NYC still empties into northern NJ for their shopping every Saturday (Bergen County has “Blue Laws” that keep most retailers closed on Sundays - they actually fought for an exemption for the never-opened mall); it didn’t open because they were a high-end shopping and entertainment mall at a time when most Americans have no money for “high-end” or entertainment.
When the Blue Laws were reviewed a few years back, and people asked if it was a Christian holdover from a bygone era, many non-Christians in Bergen County fought to keep the laws in place. Because of the influx of NYC shoppers into NJ, Sunday is the only day of the week when Bergen County residents can actually drive without horrible congestion.
"You ever tried going mad without power? It's boring, no one listens to you." - Russ Cargill (The Simpsons Movie)
Maybe people from the Bronx and Staten Island head to NJ to shop on Sunday, but those in Manhattan, Queens and Brooklyn overwhelmingly don’t.
OK; you apparently know more about it than I do (I would have no idea where they come from). In Bergen County nobody can shop on Sunday; to the south in Hudson (Jersey City, Secaucus - close to Manhattan) & Union County (Elizabeth - close to Staten Island) they can.
Here in northern NJ, NY state had toyed with the idea of sending investigators to our mall parking lots to chase down sales tax revenue (using the license plate of all the NY cars parked here); as one astute FReeper pointed out at the time the mall could probably have had them arrested for trespassing.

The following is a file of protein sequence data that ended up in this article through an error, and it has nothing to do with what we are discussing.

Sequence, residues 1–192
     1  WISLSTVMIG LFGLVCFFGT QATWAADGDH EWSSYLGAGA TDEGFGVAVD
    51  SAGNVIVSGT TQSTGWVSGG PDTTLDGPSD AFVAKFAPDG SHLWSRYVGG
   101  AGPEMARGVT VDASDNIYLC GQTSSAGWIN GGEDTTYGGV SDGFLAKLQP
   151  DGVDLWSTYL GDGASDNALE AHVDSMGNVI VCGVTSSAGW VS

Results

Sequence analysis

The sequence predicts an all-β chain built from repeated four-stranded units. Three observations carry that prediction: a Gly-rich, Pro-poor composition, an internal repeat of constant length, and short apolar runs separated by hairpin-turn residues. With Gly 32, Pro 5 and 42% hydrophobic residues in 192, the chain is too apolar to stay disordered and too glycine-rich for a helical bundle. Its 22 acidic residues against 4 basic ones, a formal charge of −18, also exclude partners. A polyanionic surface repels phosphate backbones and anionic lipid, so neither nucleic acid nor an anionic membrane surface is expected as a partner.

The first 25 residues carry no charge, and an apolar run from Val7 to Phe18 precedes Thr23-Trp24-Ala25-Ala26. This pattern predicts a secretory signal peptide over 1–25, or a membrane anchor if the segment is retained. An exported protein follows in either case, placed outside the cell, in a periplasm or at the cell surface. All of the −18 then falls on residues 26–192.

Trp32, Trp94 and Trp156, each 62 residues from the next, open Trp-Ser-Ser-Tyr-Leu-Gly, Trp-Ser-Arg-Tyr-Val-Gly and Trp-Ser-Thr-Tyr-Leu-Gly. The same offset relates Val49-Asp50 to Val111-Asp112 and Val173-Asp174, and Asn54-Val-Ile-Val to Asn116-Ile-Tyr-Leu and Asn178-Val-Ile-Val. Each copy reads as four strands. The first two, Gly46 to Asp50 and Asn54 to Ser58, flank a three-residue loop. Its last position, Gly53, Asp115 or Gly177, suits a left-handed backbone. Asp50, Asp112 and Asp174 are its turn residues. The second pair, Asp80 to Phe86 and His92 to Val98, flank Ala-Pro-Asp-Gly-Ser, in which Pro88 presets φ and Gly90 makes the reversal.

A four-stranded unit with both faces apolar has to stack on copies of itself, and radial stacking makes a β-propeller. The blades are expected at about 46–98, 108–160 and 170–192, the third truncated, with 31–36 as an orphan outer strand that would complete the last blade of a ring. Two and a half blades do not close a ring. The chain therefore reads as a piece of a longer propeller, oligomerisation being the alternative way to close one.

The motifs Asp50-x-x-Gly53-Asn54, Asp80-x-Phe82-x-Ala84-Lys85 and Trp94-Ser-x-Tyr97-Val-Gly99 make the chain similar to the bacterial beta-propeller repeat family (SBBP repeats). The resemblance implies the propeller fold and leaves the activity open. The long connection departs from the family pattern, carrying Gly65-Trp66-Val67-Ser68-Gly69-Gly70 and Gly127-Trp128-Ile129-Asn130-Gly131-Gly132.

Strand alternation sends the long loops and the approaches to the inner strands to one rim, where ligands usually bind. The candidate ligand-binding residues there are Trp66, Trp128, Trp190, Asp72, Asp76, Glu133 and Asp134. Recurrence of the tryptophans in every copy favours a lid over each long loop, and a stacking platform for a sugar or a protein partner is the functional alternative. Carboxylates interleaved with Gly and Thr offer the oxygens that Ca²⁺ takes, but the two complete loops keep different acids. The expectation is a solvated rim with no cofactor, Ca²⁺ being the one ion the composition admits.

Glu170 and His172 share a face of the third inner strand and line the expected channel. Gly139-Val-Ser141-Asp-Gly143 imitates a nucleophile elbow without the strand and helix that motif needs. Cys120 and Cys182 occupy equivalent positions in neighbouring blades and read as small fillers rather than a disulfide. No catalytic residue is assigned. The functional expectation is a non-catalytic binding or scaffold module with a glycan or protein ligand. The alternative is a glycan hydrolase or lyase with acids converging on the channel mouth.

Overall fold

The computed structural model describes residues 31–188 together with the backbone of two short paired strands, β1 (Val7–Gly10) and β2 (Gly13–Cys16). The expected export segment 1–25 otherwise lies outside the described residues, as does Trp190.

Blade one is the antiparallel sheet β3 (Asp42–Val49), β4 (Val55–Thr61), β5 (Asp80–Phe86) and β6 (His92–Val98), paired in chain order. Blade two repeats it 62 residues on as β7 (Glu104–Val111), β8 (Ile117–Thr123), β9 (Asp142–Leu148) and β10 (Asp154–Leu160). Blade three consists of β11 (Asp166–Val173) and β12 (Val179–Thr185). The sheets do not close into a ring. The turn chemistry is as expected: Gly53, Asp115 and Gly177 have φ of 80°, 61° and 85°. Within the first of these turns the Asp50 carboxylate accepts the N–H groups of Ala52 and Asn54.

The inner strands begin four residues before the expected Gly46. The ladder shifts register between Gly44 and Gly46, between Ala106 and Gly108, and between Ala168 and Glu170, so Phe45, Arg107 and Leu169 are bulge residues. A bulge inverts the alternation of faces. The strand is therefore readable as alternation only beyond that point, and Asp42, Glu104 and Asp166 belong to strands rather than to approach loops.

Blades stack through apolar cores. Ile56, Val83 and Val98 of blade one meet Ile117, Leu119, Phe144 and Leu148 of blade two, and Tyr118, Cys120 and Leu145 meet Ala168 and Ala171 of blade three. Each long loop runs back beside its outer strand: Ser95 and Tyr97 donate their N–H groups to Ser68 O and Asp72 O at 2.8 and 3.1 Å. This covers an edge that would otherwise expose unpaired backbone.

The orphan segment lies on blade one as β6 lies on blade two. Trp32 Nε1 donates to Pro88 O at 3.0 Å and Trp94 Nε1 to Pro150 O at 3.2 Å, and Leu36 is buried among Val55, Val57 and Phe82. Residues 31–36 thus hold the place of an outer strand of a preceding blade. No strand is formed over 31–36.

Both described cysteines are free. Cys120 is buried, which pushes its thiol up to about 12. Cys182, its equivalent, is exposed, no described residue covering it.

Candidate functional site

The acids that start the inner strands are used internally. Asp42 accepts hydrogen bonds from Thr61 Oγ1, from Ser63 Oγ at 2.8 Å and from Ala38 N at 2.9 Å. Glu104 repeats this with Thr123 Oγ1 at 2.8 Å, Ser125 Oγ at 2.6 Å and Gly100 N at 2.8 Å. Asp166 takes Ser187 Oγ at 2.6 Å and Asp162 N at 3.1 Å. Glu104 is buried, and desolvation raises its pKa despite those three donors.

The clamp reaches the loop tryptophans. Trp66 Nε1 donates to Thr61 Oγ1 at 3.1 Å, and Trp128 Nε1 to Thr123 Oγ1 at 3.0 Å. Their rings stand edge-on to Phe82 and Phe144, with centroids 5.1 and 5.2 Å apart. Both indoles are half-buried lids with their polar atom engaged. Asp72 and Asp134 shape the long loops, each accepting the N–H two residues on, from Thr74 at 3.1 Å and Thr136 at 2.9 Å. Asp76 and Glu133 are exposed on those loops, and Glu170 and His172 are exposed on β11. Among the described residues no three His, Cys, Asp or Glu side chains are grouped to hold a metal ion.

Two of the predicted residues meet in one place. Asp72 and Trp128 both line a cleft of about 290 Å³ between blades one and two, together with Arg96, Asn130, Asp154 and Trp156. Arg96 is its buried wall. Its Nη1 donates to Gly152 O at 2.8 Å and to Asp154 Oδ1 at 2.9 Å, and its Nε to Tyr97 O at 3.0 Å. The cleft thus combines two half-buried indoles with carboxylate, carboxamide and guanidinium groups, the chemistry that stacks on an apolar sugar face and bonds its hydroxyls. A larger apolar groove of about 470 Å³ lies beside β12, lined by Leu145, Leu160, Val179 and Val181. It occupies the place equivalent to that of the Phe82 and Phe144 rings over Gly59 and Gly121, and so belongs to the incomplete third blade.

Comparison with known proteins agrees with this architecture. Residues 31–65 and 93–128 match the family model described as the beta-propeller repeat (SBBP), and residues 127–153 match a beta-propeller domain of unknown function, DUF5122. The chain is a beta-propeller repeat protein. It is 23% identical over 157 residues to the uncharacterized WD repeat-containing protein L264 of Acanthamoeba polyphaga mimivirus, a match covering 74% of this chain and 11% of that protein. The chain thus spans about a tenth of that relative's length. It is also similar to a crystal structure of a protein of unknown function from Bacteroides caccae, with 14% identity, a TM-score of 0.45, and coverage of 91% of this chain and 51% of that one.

Again, they want it to be like Europe where you order a soda and get about four ounces of drink for about $7.00. The elites won’t rest until every bit of enjoyment the serfs have is so cost prohibitive we will have nothing left but sitting around in our 50 square meter flats staring at the walls.
Step away from the counter.
The Mt. Dew will sell itself, for less than it’s worth.
(no wait, that’s not what’s happening)
That sounds like MA trying to get after their shoppers in tax-free NH.
With 8 million people crammed into NYC, you’ve got to expect a few of them to spill over—and a few of their suppliers to be there across the river ready to serve them.
Who is getting squeezed out of NYC is the middle class. I mean firefighters, nurses, cops and secretaries with families. More neighborhoods now tend to be gentrified, hardscrabble, or even a combination of the two. But that is largely high real estate costs chasing them out of Manhattan at least, and maybe farther than that.
There’s demand for much more housing and construction, but then the issue is the transportation infrastructure. Just how many more passengers can they cram through the subways every day?
I moved to the edge of CT a few years ago, but I’m still in a couple of times a week. There are pockets of small-scale teen/gang crime creeping back into pockets here or there, but there’s also gentrification going in even the toughest of neighborhoods.
I see your point about the middle class being squeezed out.
In terms of the infrastructure: I know that when Governor Christie canceled the project for a rail tunnel from NJ to NYC, he simply stated there was no need for it. I’ve had that confirmed by both friends and family that commute into the city on trains - there are less people on the existing trains than there were in the “before-times”. The proponents of the tunnel were reduced to claiming it would make it easier for people to see a Broadway show - an admission that in fact there was no need for it. Granted, that was not for the internal infrastructure.
I think at a certain point congestion takes so much away from the quality of life.
Yes, though naturally from Jersey you look with the perspective of a car driver. Not the issue for most NYers—other than the slowness of buses and taxis.